The Union Recorder

April 10, 2014

Georgia College entrepreneurs earn startup money

Kyle Collins
The Union-Recorder

MILLEDGEVILLE — Twelve teams from six 478 area code colleges competed Saturday in the College Hill Alliance's inaugural “The Next Big Idea” event intended to spur entrepreneurship among young people.

Though Wesleyan College students' karaoke lounge concept won the $10,000 prize grand prize, Georgia College presented strong and realistic business ventures that earned second and third place money of $3,000 and $2,000 respectively.

By rule, competitors' plans were tied to implementation in the middle Georgia area.

All students enrolled at the six institutions for the current spring semester were eligible to enter. Teams registered their business plans online by the March 10 deadline.

From that pool of registered teams, each institution chose up to two semifinalist teams.

Georgia College Associate Professor of Marketing Renée J. Fontenot, Ph.D., taught a boot camp business plan competition this January and February.

“Both of the teams that went forward on Saturday took the class,” Fontenot said.

GC sophomore marketing student Sarah Watters' second-place idea, ‘Share the Shot,’ was a mobile photograph printing business. Watters plans to equip a vehicle and travel to various summer and weekend events offering direct printing from smartphones.

“(Watters) idea won't take much capital to get started,” Fontenot said. “What was great about her idea was that when she stepped out of the first round she already had people stepping up saying, 'I love your idea' and 'I want to be an investor'.”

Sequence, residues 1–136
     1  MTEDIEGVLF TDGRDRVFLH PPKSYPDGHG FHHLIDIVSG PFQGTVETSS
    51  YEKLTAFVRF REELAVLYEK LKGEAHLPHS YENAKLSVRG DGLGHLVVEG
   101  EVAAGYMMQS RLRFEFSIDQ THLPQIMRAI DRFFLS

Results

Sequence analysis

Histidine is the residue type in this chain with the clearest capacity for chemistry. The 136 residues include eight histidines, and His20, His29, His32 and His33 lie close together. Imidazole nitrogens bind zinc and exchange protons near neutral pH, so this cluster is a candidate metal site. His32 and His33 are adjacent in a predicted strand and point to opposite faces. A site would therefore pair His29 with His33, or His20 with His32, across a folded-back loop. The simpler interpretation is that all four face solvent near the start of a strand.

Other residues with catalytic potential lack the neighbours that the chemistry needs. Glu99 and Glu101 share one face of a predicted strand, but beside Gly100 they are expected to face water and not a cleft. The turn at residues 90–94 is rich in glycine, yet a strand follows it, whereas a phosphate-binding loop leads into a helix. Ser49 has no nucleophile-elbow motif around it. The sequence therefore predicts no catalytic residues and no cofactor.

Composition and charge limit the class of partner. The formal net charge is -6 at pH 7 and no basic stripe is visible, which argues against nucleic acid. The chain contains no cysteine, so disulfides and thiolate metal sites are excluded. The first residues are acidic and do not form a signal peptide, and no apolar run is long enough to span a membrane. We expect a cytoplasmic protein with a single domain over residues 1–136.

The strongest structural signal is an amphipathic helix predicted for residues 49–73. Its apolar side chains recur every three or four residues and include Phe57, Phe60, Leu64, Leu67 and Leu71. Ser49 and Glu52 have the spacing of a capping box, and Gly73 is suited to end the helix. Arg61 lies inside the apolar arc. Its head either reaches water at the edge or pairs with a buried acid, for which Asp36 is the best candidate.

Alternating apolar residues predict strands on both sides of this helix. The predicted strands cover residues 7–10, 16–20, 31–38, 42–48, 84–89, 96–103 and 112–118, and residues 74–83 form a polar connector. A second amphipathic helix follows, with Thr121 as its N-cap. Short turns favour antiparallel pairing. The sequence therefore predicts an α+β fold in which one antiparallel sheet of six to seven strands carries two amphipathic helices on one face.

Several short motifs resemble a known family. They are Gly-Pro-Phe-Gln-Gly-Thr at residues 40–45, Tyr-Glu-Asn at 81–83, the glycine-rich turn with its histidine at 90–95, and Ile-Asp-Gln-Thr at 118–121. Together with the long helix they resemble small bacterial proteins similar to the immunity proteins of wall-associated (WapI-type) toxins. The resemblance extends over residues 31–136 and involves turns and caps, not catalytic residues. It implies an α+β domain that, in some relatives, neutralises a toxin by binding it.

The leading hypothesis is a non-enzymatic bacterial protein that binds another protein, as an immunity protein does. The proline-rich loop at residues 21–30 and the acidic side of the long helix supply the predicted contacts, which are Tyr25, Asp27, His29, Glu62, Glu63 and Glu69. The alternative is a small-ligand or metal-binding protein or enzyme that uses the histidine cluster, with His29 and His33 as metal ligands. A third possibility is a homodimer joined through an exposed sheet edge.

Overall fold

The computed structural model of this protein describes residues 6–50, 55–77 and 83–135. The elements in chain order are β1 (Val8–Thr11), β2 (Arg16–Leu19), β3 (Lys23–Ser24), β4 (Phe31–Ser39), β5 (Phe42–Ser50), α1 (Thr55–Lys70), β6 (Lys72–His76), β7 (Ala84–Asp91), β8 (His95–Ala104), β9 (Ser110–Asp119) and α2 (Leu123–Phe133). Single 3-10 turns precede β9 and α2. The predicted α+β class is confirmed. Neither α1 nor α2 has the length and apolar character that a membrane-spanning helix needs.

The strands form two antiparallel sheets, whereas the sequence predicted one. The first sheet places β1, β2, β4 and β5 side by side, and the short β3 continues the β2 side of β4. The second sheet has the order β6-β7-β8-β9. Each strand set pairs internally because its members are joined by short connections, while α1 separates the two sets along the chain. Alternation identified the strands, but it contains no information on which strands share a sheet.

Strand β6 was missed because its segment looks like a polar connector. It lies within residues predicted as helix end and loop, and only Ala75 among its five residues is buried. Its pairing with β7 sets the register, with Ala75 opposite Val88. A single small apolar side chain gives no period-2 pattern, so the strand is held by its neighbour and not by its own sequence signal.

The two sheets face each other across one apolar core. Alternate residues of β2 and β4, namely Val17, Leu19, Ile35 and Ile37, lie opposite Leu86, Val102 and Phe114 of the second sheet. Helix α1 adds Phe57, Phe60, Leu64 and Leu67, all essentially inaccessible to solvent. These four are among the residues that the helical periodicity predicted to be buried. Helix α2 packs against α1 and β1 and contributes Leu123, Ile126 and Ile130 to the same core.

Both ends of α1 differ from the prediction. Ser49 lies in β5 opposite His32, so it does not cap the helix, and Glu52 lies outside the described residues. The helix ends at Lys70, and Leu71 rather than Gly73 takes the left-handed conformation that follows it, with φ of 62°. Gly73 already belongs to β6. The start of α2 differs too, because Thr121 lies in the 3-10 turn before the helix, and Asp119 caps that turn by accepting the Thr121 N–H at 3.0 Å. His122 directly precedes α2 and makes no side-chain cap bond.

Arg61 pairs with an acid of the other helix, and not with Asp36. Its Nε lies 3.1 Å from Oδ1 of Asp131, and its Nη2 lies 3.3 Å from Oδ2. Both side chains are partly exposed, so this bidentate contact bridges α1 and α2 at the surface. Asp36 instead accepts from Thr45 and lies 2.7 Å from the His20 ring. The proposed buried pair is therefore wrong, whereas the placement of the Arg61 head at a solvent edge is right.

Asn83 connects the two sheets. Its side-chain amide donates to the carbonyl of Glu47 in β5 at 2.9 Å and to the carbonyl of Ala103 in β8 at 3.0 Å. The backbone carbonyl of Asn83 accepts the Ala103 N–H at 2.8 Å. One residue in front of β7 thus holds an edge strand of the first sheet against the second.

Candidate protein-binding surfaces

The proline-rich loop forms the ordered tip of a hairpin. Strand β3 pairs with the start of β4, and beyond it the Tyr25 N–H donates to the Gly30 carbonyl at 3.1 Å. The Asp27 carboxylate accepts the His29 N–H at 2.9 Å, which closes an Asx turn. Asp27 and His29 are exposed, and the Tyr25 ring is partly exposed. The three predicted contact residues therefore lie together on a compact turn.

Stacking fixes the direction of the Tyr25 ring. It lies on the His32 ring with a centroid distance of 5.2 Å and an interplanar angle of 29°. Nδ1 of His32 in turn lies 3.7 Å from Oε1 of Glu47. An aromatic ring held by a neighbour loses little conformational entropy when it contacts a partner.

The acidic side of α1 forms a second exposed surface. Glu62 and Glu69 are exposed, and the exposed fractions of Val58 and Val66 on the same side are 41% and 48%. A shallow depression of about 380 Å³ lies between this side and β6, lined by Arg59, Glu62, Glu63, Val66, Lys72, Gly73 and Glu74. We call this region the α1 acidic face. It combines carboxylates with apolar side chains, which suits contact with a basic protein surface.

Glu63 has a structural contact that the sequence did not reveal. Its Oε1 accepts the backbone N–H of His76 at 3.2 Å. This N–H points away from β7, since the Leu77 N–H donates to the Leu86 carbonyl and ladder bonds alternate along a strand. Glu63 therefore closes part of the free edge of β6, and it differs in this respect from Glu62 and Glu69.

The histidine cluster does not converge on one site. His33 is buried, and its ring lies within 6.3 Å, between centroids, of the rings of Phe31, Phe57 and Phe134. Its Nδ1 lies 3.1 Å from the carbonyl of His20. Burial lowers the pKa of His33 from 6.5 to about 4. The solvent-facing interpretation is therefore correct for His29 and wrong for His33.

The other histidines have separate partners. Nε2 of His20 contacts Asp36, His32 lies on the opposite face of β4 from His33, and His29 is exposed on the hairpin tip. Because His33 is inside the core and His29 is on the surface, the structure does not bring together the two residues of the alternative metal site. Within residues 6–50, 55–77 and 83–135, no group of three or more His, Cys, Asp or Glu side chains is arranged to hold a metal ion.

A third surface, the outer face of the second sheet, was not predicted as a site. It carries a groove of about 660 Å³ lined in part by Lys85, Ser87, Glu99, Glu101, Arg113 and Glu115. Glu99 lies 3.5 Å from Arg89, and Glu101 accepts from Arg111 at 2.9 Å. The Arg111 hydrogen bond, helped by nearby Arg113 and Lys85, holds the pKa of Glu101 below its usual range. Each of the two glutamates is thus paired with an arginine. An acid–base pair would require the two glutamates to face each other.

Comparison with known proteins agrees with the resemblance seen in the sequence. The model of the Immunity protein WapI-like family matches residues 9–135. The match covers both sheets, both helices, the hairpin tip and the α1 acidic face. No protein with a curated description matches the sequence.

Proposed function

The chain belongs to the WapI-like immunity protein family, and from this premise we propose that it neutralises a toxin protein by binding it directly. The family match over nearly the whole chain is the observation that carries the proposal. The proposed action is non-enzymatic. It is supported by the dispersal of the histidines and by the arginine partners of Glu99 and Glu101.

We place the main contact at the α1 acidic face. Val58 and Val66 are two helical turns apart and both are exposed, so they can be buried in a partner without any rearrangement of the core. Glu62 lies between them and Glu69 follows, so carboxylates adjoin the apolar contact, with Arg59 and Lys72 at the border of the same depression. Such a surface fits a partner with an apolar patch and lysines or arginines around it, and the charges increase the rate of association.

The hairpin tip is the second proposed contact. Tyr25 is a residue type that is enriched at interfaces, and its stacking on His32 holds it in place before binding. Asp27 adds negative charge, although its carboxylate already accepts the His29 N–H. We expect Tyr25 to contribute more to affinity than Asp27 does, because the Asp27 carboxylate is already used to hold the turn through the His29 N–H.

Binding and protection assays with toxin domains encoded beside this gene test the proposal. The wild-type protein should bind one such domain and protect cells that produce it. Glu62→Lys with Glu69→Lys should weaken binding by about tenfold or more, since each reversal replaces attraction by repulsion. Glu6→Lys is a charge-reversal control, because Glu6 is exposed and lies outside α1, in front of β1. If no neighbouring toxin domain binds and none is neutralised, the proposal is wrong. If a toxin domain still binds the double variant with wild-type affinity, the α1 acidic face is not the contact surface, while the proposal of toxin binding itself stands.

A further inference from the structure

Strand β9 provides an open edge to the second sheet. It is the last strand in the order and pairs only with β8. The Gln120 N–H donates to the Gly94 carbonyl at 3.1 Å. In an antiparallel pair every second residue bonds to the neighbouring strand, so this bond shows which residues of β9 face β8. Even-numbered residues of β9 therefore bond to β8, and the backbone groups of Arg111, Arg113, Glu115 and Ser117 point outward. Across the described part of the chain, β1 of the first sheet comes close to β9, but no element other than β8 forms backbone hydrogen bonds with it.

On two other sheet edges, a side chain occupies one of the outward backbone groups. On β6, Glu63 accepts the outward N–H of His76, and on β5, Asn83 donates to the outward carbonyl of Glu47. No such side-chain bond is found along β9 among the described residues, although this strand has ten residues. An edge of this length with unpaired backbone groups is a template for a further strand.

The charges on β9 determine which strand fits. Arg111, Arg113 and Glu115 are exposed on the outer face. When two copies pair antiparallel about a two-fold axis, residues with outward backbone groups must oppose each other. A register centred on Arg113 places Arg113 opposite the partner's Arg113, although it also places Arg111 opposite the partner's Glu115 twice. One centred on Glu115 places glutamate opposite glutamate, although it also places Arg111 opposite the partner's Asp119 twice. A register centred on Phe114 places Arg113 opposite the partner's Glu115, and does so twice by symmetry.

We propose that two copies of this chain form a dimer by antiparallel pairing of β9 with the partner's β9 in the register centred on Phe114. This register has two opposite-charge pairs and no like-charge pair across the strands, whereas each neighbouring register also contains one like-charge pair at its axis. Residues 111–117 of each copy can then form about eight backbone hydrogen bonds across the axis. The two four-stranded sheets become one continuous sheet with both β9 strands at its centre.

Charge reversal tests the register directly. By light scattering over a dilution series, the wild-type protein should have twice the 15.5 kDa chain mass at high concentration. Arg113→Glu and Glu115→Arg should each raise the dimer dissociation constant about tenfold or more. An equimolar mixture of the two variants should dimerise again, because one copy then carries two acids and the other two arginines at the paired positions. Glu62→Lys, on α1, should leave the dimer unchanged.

Taking the third place prize was the Georgia College senior management student team of Adrienne Warren and Mark Lichtenwalner.

They pitched, The Haversack, a downtown Milledgeville “small imprint grocery store” serving the growing residential population, according to Fontenot.

“The farmer's market has shown that people come through the downtown district to buy things,” she said. “They want to help provide an outlet for fresh groceries everyday.”

Fontenot said the third place business idea would stock natural and organic options for patrons gathered from local or regional sources, as well as prepared to-go foods.

Lichtenwalner and Warren are serious about the business.

“They have some community support, but they need more,” she said. “We have the opportunity to help these young people stay and become a very vital part of our community.”

These weren't the only viable projects coming out of Georgia College.

Fontenot said some students aren't quite ready to commit to Baldwin County. The outlook is shifting though.

“I have seniors who are graduating this semester saying Milledgeville has gone through a major transformation in the last five years. They are seeing it. It's starting to be a place they aren't sure they want to leave,” the GC professor said.

While the final lease-purchase contract still hasn't received City of Milledgeville approval, leadership behind the conceptual Shaw building community-based public-private partnership encouraging learning, entrepreneurism and economic development are hard at work.

The project known as Summit Communiversity welcomes these impressive big ideas mentioned above.

“The longer it waits the more some of these individuals who want to be a member of the Communiversity will look elsewhere,” Fontenot said. “People need to move forward. We are at risk at losing some of these individuals if the city doesn't move quickly.”